At the heart of ancient Greek philosophy was a conviction that any architectural intervention must be in harmony with, and respective of nature. The environment was literally a ‘landscape of the gods’. It was a holy place reflecting the character of the genius loci, or guardian spirit. Whether in the mountains, hills, valleys, islands or by the sea it was a builder’s duty to identify the sacred spirit integral to each location. Only after the spirit was divined could a man made structure be introduced into a holy partnership with the topography of the land. The siting of a Greek temple was not a rational, but planned exercise that was part of an emotional process whose implication in our time are only beginning to be comprehended. The temple was meant to collaborate with its surroundings providing an inner balance between man and nature. This has parallels in many Asian cultures.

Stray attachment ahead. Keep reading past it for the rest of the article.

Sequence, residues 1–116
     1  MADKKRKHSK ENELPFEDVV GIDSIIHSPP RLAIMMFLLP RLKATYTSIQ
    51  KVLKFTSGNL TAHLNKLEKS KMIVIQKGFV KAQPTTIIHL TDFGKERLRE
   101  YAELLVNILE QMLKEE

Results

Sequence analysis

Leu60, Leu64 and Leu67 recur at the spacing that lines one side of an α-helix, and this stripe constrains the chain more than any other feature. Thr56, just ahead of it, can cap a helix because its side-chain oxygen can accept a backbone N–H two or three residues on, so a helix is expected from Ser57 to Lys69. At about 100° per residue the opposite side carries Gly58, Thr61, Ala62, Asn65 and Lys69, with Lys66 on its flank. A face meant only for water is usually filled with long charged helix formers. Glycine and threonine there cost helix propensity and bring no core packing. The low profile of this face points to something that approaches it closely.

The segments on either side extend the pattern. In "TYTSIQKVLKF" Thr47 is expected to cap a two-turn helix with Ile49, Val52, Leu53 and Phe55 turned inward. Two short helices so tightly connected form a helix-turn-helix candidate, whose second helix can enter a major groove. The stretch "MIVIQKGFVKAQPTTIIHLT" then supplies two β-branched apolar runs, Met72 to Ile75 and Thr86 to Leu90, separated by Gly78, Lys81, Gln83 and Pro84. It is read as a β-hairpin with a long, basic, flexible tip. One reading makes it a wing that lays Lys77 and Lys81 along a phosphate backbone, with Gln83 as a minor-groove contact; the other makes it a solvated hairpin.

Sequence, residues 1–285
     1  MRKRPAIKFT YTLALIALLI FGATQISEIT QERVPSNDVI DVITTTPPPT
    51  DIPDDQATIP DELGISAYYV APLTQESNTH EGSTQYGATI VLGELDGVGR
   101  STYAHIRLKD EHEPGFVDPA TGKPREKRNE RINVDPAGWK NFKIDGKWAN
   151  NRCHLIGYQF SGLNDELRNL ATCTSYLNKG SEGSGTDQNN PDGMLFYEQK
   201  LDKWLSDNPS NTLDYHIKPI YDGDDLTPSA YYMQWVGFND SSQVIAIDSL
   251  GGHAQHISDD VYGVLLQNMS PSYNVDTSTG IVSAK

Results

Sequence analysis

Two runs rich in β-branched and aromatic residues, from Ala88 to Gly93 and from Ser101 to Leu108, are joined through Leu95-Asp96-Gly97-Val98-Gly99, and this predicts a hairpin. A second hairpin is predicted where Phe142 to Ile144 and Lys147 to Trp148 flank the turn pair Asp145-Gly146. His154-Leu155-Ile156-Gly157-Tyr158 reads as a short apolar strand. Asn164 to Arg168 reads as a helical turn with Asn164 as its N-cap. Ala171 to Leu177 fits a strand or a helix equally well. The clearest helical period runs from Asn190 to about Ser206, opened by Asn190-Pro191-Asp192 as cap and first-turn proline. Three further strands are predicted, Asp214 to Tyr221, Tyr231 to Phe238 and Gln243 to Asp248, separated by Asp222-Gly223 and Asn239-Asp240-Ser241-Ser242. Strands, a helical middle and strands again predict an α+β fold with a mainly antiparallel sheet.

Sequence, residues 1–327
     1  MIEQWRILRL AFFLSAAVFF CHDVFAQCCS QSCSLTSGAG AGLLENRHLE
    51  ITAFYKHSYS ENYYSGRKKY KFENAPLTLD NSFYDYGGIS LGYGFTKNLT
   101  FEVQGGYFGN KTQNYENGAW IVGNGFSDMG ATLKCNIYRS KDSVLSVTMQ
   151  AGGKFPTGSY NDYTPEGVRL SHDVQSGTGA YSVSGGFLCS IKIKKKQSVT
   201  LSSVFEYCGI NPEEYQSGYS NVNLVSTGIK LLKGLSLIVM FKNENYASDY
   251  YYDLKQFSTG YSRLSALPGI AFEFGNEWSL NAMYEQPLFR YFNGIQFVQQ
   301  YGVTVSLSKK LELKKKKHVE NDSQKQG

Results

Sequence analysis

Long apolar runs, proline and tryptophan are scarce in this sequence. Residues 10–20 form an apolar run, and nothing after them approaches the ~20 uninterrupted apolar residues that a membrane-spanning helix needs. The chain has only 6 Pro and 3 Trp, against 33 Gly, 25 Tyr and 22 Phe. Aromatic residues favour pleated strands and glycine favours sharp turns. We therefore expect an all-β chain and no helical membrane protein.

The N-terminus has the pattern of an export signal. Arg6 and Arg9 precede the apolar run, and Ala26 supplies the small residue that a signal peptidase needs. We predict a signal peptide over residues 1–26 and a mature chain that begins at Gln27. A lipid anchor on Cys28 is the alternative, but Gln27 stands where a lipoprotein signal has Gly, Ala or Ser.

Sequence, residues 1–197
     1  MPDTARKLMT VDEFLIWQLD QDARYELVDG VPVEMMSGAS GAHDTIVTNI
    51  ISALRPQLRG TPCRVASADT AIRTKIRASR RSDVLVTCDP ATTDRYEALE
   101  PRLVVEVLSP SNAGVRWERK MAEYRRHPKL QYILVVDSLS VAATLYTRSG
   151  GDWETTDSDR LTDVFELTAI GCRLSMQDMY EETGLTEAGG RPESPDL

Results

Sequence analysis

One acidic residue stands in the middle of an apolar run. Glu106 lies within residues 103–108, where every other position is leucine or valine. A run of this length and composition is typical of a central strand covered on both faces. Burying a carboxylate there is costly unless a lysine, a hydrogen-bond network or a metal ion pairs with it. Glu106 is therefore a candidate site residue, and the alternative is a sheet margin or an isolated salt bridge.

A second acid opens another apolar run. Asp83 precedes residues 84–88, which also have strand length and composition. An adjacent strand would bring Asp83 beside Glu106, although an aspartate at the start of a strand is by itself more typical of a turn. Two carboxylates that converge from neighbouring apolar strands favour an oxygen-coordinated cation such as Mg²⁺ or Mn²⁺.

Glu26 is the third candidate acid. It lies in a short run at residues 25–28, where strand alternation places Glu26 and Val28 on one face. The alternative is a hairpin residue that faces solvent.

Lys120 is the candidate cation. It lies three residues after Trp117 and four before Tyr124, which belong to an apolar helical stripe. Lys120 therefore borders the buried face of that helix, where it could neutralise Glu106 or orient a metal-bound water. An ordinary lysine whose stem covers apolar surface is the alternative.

TagsAncient Greek ArchitectureArchitecture and EnvironmentGenius lociGreek TempleGuardian SpiritMan and Nature
Carolyn McDowall FRSA has gained considerable experience and business acumen in her professional career. An independent cultural and social historian, Carolyn is an interior designer by trade. She has been involved in the creative sector for over thirty years in Australia; completing interior design projects, creating and producing innovative corporate and not-for profit (social profit) community events. She has over that time continuously conducted independent research , while designing, developing, and producing educational art and design history programs in conjunction with renowned specialist colleagues.